However, many don’t have the means to do so. For them, it is a waiting game.

“They say even if it means their houses are destroyed, it will be worth it in the end,” the woman in Dahuk said. “They might be weaker, but Islamic State have a strong fist and they are being harsher than you can imagine.”

Stripes

  • 5thDrawer

    takes a while for the underground to show …. the youngest brainwashed won’t understand it …

    • 5thDrawer

      When they all start running at the same time, will they be ‘refugees’ ? 😉

  • Hind Abyad
    • Rudy1947

      Still trying to sell that worthless crap article?

      • 5thDrawer

        The intel chief was selling the crap of the article …

        • Rudy1947

          In one article his speech was described as:

          “His speech gave a general overview of the region, but did not reveal any information not previously released by the Israel Defense Forces.”

          The General made no mention of any preference of Daesh over anyone else nor is it Israel’s position to prefer Daesh over anyone else.

          • 5thDrawer

            ‘Cracked’ magazine pushed Spy VS Spy. Maybe should have concentrated on Article VS Article articles more … hmmm

          • Rudy1947

            It was MAD mag in the states.

          • 5thDrawer

            Good old Alfred E … had that too … :-))) (the New Man 😉

          • Hind Abyad

            Israeli Intel Chief: We Don’t Want ISIS Defeated in Syria

          • Rudy1947

            Supply the link to the ACTUAL quote.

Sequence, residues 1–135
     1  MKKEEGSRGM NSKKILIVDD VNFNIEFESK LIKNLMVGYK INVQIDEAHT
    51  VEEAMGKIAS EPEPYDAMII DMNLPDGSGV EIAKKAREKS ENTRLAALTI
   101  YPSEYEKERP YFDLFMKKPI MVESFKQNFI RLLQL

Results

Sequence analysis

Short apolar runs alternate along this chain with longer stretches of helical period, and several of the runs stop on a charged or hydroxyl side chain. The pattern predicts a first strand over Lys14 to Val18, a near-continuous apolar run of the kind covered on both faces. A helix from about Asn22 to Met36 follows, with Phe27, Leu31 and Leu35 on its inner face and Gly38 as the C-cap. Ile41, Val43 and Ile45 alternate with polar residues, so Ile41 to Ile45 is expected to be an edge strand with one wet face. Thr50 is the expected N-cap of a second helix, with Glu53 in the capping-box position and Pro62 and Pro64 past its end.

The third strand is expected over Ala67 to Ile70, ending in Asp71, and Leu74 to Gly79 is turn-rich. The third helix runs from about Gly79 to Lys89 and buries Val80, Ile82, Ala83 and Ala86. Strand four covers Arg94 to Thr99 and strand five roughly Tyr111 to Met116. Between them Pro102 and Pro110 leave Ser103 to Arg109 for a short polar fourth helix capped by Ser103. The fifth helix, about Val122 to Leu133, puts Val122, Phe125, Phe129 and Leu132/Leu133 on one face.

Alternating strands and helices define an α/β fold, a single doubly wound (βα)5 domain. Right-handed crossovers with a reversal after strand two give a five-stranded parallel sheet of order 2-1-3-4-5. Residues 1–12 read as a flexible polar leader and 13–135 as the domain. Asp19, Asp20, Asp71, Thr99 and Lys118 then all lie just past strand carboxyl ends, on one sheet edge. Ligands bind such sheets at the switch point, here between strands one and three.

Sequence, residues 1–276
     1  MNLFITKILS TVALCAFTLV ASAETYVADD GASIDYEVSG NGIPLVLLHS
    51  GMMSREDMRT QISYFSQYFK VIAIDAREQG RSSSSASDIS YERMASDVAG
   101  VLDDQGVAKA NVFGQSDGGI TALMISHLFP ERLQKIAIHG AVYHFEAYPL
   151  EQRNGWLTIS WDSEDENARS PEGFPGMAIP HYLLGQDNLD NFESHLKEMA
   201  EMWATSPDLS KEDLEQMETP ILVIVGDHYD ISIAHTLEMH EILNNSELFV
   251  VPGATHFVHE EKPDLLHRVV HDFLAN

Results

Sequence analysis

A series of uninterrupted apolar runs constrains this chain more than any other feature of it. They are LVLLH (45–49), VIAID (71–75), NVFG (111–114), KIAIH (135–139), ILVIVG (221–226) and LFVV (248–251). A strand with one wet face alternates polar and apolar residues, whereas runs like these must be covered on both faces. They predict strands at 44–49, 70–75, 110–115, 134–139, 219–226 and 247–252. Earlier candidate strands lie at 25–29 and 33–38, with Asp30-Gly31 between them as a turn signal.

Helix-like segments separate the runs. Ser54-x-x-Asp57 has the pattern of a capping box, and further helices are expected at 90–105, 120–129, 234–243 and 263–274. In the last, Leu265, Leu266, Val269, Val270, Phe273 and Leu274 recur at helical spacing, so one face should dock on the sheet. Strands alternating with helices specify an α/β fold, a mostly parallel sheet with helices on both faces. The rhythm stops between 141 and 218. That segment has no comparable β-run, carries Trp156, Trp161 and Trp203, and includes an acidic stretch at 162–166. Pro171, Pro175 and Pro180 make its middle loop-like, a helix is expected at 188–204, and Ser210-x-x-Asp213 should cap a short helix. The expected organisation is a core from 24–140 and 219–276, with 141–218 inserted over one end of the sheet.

• Hind Abyad

            It was suplied 21 hours ago up there

          • Rudy1947

            Where? I read the article and several more just like it. None provided any real quote from the General. Maybe 5th can help to provide. I await a real quote, not an assumption.

          • 5thDrawer

            Assuming you are all on one page, these are called ‘double quotation’ marks. “….”
            And actually mean the same thing ….
            http://news.antiwar.com/2016/01/19/israeli-dm-prefers-isis-to-iran/

          • Hind Abyad

            He’s doing same thing as Matrix

          • Rudy1947

            Yeah, proving your crap to be nothing more than crap.

          • 5thDrawer

            Needs guidance … maybe too much ‘MAD’ and ‘Captain America’ – which was revised.

          • Rudy1947

            You had had too much Cracked mag old man.

          • 5thDrawer

            ‘Superman’ was a favourite – although when some jerks discovered bits of his home planet drifting through space, he needed to either use his brain, or have some human help.

          • 5thDrawer

            Only Matrix does it in German or something … easier to ignore. :-))))

          • Rudy1947

            Would it be different in French Canadian eh?

          • 5thDrawer

            We each do our best in an English-Only weblog….. (read rules – sometimes overlooked)

          • Rudy1947

            French seems to be used often, again does that make a difference?

          • 5thDrawer

            Hell, I’ve even seen Sanscrite and Hebrew in here, over the six years …. maybe learned a word or two on some …
            I was taking Arabic, but people laughed at my attempts … I gave up.
            https://uploads.disquscdn.com/images/93f8a9457613d808f3fc03b647f4862047613428b7eb2e70234624619f833033.jpg
            I know .. another repeat … but every year there’s some new folks who enjoy …

          • Rudy1947

            Creative. My first attempt at Sanskrit language was Burmese, compliments of Army training over 40 years ago.

          • 5thDrawer